Congressional delegations offered competing explanations for the recent rise in migration during visits to the U.S.-Mexico border, with Democrats calling for more humane treatment of migrants while Republicans accused the Biden administration of allowing “open borders.”
On Friday, a group of House Democrats led by former Congressional Hispanic Caucus chairman Joaquin Castro, D-Texas, stressed the need to fix the U.S. immigration system after visiting a facility for unaccompanied migrant children in Carrizo Springs, Texas.
“We’re here today to find solutions,” Castro said at a news conference, one of several held by lawmakers at the border in recent weeks. “We’re here today to go back to Washington and offer recommendations for how this process can be improved, how the asylum process can be approved and how people’s human rights can be respected.”
Democrats point to natural disasters and economic strife in Central America as a primary driver of migration, emphasizing migrants’ rights under U.S. law to seek asylum at the border.
“Being here and listening to these kids, hearing their stories, their hopes and aspirations, is a reminder that this isn’t about politics, this isn’t about playing games,” said Rep. Ilhan Omar, D-Minn., whose family fled war in Somalia when she was a child. “It’s about the humanity of these children.”
Republican lawmakers took a starkly different stance, arguing that President Joe Biden’s policies have undermined a border that was more secure under the Trump administration.
“The Border Patrol agents that we were riding with said that under the Trump administration policies, things were working right. It was the best it had ever been,” said Sen. Mike Braun, R-Ind., in a video recorded around midnight Thursday. He was one of 18 senators on a trip that included a late-night patrol trip with border agents.
Republicans also blamed Mexican drug cartels, which charge thousands of dollars to transport migrants to the border.
“I was here two years ago, and it bears no resemblance. We were controlling the border,” added Sen. Thom Tillis, R-N.C., standing in front of a camp of migrants underneath a bridge between the U.S. and Mexico. “Now we’re hearing that Border Patrol is spending more time helping these families while criminals are bringing drugs and illicit materials into the United States.”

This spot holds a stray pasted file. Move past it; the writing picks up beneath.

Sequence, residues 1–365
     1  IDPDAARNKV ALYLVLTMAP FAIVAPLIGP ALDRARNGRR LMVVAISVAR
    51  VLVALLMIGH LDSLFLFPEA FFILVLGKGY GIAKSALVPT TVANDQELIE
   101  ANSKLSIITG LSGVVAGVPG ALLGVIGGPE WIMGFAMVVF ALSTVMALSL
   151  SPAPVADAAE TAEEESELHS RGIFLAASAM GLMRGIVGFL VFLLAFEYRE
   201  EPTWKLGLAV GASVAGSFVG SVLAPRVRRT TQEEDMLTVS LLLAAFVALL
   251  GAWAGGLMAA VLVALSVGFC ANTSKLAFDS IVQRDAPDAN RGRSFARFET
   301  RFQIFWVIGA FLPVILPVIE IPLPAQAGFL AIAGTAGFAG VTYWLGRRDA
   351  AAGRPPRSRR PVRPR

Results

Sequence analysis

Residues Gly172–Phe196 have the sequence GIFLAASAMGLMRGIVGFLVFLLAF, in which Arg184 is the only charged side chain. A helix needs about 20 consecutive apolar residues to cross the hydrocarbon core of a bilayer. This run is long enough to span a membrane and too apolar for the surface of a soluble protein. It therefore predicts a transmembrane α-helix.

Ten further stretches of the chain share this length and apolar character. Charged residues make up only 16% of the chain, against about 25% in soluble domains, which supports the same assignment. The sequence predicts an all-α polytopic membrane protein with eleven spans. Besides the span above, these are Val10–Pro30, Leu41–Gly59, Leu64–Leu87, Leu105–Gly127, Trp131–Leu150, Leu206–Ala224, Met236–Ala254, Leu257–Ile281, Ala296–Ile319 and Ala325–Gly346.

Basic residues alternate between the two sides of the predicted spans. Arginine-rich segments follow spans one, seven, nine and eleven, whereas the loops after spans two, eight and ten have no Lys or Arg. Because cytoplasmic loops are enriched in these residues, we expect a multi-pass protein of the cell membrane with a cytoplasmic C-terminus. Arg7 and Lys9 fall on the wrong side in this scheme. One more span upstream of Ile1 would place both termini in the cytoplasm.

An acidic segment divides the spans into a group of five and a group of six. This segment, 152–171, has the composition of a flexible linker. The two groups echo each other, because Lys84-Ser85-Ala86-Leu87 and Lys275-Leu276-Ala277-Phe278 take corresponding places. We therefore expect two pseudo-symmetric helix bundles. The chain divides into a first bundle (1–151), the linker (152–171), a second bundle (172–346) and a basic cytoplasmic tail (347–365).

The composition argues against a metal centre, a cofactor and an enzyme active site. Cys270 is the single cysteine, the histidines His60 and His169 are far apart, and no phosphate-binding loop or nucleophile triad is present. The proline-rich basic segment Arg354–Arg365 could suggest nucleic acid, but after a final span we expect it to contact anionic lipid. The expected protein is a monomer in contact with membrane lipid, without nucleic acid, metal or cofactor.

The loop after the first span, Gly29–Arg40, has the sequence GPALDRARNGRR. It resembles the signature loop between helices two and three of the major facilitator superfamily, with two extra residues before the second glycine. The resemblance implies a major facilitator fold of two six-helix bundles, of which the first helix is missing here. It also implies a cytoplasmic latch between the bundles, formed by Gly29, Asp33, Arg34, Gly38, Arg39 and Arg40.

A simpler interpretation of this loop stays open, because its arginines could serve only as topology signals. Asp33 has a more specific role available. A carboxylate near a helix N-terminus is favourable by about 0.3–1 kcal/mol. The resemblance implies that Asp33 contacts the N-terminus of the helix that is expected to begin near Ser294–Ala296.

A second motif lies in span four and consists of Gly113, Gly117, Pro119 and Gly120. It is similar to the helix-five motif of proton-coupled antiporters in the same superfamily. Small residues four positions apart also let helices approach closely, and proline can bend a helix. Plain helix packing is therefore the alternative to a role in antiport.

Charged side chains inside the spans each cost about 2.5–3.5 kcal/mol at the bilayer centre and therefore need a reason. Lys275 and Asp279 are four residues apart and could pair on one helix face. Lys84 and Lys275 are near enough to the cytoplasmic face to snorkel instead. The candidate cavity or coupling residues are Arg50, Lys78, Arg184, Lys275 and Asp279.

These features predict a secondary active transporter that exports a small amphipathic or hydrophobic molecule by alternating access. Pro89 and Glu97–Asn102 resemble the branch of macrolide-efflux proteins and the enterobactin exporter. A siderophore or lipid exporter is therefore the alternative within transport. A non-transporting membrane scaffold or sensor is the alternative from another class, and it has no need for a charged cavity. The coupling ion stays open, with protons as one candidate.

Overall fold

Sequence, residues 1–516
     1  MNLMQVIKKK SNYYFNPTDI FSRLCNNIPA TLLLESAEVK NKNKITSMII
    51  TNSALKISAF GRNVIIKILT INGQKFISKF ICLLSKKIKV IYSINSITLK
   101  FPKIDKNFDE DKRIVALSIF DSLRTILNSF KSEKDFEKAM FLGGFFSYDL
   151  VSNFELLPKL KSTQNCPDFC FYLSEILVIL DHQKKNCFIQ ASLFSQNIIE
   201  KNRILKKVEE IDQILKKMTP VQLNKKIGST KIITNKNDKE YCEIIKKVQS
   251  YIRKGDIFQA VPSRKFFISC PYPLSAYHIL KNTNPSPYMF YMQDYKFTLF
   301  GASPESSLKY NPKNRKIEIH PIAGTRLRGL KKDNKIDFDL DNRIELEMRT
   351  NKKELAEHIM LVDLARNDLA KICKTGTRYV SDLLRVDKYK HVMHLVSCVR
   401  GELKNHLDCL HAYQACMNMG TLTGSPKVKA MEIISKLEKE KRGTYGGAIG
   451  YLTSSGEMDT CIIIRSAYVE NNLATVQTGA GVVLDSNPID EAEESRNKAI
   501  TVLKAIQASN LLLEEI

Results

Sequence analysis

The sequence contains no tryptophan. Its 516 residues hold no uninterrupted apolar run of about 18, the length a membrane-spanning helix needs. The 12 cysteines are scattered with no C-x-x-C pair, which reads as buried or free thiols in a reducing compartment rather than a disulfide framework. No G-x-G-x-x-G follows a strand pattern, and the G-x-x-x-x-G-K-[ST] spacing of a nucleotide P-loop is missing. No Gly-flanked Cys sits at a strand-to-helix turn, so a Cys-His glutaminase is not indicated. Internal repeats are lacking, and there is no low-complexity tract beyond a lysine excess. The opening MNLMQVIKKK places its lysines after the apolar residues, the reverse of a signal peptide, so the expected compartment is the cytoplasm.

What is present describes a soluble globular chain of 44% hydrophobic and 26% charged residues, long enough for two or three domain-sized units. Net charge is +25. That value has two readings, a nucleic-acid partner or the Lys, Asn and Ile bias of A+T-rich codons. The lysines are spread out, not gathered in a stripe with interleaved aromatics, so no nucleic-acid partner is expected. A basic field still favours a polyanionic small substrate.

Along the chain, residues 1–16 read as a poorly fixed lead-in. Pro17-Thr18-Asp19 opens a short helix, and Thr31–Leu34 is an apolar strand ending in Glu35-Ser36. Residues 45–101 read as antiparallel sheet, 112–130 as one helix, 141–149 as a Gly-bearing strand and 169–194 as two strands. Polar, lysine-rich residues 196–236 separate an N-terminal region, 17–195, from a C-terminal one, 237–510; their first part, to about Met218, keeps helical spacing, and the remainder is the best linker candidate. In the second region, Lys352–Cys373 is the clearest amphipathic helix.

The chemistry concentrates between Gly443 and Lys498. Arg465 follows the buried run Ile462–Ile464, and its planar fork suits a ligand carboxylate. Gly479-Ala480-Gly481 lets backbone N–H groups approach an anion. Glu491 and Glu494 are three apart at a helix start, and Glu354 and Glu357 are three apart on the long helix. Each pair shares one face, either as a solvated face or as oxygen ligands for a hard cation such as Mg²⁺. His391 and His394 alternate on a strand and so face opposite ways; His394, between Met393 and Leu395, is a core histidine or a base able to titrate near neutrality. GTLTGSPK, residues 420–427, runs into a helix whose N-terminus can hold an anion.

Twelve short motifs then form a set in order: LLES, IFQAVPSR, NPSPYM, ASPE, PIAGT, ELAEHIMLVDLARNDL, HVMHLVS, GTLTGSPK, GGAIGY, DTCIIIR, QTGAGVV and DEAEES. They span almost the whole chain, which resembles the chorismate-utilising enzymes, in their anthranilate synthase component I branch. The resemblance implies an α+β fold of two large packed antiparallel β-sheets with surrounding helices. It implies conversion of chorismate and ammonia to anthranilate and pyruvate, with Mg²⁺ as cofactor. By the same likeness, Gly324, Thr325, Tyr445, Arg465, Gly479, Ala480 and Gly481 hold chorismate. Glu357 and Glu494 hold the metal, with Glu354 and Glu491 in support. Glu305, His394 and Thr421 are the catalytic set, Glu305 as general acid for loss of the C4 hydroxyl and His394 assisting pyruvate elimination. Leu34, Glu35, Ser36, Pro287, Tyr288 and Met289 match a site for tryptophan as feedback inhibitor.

Border crossings in recent months are on track to hit record levels, with U.S. Customs and Border Protection recording around 100,000 crossings in February, including more than 9,000 unaccompanied children.
Those numbers are rapidly increasing. A senior U.S. Border Patrol official told reporters Friday that over the past 30 days, CBP has encountered an average of 5,000 migrants daily.
The increase in unaccompanied migrant children has also strained government systems.
More than 5,000 children were in CBP custody and nearly 12,000 were in Department of Health and Human Services custody as of March 24, according to the most recent data released by HHS and DHS.
Most single adults and some families are turned away at the border under a Trump-era public health directive, but unaccompanied minors and many families with young children are permitted to stay. Images of migrant children in cramped, makeshift conditions at the border have increased the pressure on the Biden administration, and Congress, to offer solutions.
“What we saw and the conversations we had will help inform the decisions we are going to make,” said Rep. Pete Aguilar, D-Calif. “We all agree that this is a broken immigration system that was compounded by the decisions that the prior administration made.”
Democrats in Congress have largely backed the Biden administration’s approach, which involves rapidly setting up new HHS intake centers to manage the influx of unaccompanied children who by law should not remain in CBP facilities for longer than 72 hours. They also are hoping for a comprehensive bill to overhaul the immigration system, although prospects of such legislation are unclear because of slim Democratic majorities in the House and Senate.
Rep. Veronica Escobar, a Texas Democrat whose district includes El Paso, is scheduled to lead a delegation to the border on Saturday with nine colleagues, including one Republican: freshman Rep. Victoria Spartz of Indiana, a Ukrainian-born lawmaker.
Escobar told reporters Friday that she invited on the trip “select Republican members, with a focus on Republican members who didn’t vote to overturn the results of the election.”
“I feel like they are people who I am hoping we can work with and work together to focus on solutions,” she said. “I’m so delighted that my colleague, one of my Republican colleagues, accepted.”
Escobar said the group will tour a CBP processing facility and an HHS shelter for unaccompanied children and plans to speak with Border Patrol agents, migrant children, immigration lawyers, humanitarian advocates and nongovernmental organizations.
Escobar called the remarks that Republican senators made during their border visit “completely predictable.” She faulted them for slamming the Biden administration’s handling of the border Republicans failed to “bring any ideas to the table” when they controlled both congressional chambers and the White House.
“Unfortunately, anytime we see more individuals, families, children arriving at our front doorstep than normal or than predictable, there’s a rush to call it a ‘crisis,’ and the same situation plays out year in and year out,” she said. “Republicans call for more ‘border security,’ Democrats call for immigration reform. Republicans say, ‘We’ll only do immigration reform if we do more border security.’”
But as border communities have become more “militarized,” immigration reform “becomes more elusive,” she said.